What if? Modality and history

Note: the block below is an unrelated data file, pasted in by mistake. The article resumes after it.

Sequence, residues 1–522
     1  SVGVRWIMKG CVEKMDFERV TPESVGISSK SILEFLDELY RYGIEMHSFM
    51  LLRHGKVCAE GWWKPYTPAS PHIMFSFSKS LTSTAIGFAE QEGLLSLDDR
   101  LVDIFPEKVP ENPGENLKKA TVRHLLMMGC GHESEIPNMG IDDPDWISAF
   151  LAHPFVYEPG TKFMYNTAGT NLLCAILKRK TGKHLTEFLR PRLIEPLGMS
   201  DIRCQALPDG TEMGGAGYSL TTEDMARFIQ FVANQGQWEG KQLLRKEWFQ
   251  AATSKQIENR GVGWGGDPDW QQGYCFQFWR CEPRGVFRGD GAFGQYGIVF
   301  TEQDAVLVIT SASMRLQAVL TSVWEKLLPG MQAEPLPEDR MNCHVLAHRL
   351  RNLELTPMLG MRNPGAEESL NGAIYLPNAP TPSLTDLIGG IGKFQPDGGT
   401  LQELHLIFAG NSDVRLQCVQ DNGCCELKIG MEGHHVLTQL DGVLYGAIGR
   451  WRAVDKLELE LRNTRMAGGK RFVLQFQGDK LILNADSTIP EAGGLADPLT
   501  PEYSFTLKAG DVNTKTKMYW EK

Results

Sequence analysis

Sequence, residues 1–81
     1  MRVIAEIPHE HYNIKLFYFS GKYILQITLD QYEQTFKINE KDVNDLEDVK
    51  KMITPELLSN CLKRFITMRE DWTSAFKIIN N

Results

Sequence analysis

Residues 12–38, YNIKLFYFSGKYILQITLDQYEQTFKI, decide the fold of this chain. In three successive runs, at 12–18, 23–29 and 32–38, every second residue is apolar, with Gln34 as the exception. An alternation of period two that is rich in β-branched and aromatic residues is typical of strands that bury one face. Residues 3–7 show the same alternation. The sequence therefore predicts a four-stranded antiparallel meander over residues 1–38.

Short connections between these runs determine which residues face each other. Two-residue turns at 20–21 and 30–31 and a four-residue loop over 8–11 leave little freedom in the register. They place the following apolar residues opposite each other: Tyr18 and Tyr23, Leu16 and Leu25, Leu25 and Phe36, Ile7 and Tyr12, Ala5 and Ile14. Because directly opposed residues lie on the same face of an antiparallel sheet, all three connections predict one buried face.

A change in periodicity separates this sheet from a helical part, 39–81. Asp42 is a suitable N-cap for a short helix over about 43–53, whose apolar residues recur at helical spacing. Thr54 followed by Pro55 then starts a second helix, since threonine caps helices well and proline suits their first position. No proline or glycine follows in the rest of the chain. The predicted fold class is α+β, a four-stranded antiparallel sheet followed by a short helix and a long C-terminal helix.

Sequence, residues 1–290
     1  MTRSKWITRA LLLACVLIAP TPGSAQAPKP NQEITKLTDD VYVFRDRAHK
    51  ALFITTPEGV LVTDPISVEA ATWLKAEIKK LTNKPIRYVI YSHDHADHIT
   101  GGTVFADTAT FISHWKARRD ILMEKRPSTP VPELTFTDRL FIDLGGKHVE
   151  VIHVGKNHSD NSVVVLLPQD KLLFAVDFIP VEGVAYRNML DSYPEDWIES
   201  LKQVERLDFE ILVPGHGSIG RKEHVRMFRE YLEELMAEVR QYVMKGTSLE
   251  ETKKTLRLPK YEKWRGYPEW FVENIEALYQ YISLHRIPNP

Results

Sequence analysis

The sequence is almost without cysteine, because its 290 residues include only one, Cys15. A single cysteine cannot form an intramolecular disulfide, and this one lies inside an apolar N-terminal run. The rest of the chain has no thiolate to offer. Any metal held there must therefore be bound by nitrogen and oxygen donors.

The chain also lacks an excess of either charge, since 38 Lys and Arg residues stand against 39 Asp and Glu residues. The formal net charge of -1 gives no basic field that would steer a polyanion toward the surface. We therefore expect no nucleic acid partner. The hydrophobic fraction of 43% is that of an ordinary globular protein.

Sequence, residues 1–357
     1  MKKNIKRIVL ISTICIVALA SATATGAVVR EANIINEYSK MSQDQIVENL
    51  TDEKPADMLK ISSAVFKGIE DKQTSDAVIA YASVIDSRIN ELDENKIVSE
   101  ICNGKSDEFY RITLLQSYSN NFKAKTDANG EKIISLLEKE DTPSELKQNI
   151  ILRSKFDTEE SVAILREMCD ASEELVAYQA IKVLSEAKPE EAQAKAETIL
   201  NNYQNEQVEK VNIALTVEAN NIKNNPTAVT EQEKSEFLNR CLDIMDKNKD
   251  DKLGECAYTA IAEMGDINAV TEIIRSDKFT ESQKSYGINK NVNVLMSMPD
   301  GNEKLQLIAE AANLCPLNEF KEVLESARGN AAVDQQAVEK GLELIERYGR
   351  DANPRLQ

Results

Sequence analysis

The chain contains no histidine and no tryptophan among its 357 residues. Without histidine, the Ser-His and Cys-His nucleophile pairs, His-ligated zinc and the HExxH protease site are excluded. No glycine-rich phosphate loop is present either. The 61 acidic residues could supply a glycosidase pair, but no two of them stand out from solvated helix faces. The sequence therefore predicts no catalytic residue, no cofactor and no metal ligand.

Philosophers and historians have long been suspicious of modal and counterfactual claims. I argue, however, that historians often legitimately use modal and counterfactual claims for a variety of purposes. They help identify causes, and hence help explain events in history. They are used to defend judgments about people, and to highlight the importance of particular events. I defend these uses of modal claims against two arguments often used to criticize modal reasoning, using the philosophy of science to ground the truth of modal claims. This analysis puts several important points into perspective, including how certain we can be about our claims about what might have been, and the role that determinism plays in those claims. The proper analysis of modality shows, I argue, that counterfactual claims are legitimate and important, if often uncertain, and that issues of determinism are irrelevant to the modal claims used in historical analysis